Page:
- A Brief Introduction to the Movement
- To Stay or To Go?: The National Emigration Convention of 1854
- The 1853 Manual Labor College Initiative
- Bishop Henry McNeal Turner
- Mobility, Migration, and the 1855 Philadelphia National Convention
- Henry Highland Garnet's "Address"
- What Did They Eat? Where Did They Stay?
- Black Wealth and the 1843 Convention
- Black Women's Economic Power
- The First National Convention
- The "Conventions" of the Conventions: Political Rituals
- A National Press? The 1847 National Convention and the North Star
- Equality Before the Law: California Black Convention Activism, 1855-65
- Conflict on the Ohio: The 1858 Convention in Cincinnati
- Conventions by City
- National Conventions
- Women Delegates
- Women in the Conventions
- Convention Hosts by Denomination
- Conventions by Level
- Clusters of Conventions
- Colored Conventions in Canada
- Women in the Conventions | March 8, 2017
- Douglass Day
- About Us
- Contact Us
Scripto | Transcribe Page
Slavery in Cuba. A Report of the Proceedings of the Meeting, Held at the Cooper Institute. New York City, December 13, 1872.
This page has been marked complete.
- Type what you see in the pdf, even if it's misspelled or incorrect.
- Leave a blank line before each new paragraph.
- Type page numbers if they appear.
- Put unclear words in brackets, with a question mark, like: [[Pittsburg?]]
- Click "Save transcription" frequently!
- Include hyphens splitting words at the end of a line. Type the full word without the hyphen. If a hyphen appears at the end of a page, type the full word on the second page.
- Include indents, tabs, or extra spaces.
Current Saved Transcription [history]
Mr. Williams followed with an eloquent address,in which he said that in 1866 many men went about New Orleans and gathered up a number of colored men who had recently been discharged from the army, and under the guise of taking them to the Border States, they were shipped off to Cuba. He felt his soul galled as he contemplated the condition of affairs in that island. Of the 1,128,000 inhabitants, 658,000 were colored men, and most of them were slaves. and what a slavery! It had well been said that the terrors of American slavery, great as they were, had been even less than that which their brethren were there enduring now. He counseled action, that the great cause for which they struggled in this country might be made successful there. (Applause.) It was said that it was a negro war through which we had just passed, but the sequel had shown that freedom and slavery could not exist together, and the results which followed the four years of struggle with us must be reached again in the Queen of the Antilles. The groans of the colored men under the yoke in Cuba had so far only been registered in heaven, but he hoped the day would soon come when every one of them might enjoy every privilege of freemen. He asked if our Government might not make investigations as to whether there were not colored men there kept in slavery who were once citizens of this country.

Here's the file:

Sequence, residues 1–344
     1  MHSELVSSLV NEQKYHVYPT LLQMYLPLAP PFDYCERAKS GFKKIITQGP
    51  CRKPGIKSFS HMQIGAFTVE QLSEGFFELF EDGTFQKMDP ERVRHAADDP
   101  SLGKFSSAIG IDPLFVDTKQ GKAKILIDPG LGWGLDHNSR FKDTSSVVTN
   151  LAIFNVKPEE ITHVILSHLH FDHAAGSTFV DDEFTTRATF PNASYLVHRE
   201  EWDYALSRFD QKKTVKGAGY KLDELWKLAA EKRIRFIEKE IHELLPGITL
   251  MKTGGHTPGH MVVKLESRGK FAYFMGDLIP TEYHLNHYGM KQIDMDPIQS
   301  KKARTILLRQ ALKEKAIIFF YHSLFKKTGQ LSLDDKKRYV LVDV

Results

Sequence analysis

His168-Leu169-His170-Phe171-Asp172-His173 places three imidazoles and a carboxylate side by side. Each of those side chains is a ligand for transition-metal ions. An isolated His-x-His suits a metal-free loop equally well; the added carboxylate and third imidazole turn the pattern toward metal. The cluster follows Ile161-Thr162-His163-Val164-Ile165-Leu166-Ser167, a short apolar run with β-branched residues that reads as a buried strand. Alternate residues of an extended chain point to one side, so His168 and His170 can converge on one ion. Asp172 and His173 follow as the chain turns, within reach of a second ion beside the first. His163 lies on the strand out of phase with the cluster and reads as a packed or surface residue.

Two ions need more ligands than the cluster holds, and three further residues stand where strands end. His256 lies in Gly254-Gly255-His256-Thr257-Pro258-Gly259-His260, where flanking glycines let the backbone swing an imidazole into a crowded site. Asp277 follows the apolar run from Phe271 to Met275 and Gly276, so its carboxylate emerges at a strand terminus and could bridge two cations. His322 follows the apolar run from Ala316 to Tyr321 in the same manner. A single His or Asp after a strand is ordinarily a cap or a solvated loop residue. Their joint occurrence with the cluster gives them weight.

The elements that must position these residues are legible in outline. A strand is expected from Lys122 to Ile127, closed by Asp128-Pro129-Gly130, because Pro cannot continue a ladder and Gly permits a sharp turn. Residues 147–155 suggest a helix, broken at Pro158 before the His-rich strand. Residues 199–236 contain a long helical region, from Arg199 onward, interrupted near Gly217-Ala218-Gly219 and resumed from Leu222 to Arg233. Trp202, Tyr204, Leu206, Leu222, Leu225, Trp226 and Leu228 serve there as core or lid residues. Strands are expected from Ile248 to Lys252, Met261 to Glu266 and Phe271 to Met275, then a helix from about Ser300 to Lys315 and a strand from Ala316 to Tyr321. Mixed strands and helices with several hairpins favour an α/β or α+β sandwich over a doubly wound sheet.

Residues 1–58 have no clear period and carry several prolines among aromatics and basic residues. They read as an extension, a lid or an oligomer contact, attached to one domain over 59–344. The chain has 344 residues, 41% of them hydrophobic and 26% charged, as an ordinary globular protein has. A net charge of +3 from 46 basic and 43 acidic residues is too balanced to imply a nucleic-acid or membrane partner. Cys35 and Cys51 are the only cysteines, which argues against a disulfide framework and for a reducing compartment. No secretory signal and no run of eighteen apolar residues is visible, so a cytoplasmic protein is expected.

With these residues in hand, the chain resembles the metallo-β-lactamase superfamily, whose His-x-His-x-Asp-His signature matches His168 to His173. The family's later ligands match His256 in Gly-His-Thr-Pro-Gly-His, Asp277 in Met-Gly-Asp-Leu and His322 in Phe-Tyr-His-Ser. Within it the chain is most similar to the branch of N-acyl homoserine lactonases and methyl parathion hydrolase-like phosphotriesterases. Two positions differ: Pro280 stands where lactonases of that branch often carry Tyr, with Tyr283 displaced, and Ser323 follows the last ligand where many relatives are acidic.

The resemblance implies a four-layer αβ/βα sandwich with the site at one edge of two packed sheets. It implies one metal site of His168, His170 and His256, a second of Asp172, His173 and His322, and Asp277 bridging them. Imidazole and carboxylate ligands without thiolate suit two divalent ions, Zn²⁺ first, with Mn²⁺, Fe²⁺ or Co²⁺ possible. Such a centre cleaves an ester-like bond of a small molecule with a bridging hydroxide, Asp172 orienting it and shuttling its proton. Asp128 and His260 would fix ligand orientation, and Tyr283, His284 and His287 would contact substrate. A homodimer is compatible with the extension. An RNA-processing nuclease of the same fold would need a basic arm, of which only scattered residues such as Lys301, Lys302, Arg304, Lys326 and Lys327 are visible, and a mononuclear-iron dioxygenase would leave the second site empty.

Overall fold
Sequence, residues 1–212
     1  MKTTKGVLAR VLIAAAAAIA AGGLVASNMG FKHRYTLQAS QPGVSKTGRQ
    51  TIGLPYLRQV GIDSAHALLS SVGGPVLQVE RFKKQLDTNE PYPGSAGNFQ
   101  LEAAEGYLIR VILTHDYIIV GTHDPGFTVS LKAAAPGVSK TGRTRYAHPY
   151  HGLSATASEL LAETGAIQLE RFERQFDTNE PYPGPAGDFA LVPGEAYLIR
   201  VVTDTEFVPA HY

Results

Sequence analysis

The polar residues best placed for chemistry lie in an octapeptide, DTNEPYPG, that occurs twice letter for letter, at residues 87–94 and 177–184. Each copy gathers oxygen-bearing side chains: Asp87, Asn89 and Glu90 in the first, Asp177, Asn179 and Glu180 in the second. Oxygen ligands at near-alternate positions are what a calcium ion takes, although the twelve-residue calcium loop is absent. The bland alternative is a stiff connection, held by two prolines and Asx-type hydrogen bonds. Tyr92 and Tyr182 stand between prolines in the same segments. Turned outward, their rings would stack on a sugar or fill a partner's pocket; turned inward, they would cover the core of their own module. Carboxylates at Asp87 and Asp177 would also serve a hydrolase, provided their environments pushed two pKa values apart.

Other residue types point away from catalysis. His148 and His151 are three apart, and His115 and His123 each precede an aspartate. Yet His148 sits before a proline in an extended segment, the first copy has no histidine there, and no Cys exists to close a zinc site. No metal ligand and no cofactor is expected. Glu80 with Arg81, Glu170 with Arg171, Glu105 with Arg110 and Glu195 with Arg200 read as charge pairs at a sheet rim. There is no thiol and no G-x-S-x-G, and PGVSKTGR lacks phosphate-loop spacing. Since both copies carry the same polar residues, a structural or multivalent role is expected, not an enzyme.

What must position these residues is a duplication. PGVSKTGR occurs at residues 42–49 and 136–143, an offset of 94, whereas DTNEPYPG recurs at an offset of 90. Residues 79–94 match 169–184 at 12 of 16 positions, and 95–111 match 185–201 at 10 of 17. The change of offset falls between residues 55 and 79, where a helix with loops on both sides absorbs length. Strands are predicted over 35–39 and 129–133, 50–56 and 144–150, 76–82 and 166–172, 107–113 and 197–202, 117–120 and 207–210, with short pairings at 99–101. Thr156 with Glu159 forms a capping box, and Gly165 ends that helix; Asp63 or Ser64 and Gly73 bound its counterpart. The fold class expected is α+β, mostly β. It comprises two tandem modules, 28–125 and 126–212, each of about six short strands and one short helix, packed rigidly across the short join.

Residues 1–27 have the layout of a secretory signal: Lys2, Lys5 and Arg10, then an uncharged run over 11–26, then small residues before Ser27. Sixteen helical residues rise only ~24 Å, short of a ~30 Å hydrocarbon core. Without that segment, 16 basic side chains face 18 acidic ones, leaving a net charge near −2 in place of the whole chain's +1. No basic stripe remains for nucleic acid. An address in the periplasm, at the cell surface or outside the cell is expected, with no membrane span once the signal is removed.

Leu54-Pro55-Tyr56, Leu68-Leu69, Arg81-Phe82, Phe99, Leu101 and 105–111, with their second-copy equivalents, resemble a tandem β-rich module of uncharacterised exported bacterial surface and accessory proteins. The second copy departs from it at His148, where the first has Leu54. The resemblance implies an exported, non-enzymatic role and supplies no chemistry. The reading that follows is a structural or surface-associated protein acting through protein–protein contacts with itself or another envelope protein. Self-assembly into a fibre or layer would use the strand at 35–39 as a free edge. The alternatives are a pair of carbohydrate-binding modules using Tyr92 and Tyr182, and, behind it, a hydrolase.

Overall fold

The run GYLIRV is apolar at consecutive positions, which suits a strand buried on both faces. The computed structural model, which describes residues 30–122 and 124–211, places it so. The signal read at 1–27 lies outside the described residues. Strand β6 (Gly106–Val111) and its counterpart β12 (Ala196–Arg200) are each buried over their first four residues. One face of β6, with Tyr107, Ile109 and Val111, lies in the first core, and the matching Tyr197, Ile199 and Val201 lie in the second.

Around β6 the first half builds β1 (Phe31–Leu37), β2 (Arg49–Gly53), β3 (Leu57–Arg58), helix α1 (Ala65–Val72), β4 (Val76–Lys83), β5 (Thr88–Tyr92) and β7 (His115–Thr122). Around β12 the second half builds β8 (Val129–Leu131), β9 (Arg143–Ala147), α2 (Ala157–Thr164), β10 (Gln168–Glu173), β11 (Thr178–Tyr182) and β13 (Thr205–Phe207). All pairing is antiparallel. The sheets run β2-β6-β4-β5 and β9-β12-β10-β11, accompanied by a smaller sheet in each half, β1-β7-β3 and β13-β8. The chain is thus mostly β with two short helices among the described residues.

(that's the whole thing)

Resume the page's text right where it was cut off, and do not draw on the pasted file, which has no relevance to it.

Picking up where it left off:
The following resolutions were the offered by Mr. William H. Purnell and adopted:
Resolved, That we call upon the American people to urge the authorities at Washington to extend such lawful aid as is in their power to the patriots of Cuba in their struggle to advance the common interest of man as will be the case when the oppressed Cubans shall be freed from the yoke of Spanish tyranny, for the rightful owners of that island are the inhabitants thereof, and the people of these United States, who for their own protection should possess themselves of that fair domain.
Resolved, That as citizens of Boston we here pledge ourselves to use all lawful means in our power to further the cause of the struggling Cubans to its full and complete triumph.
During the whole of the proceedings great interest was manifested by the audience. The meeting adjourned at a late hour.
You don't have permission to discuss this page.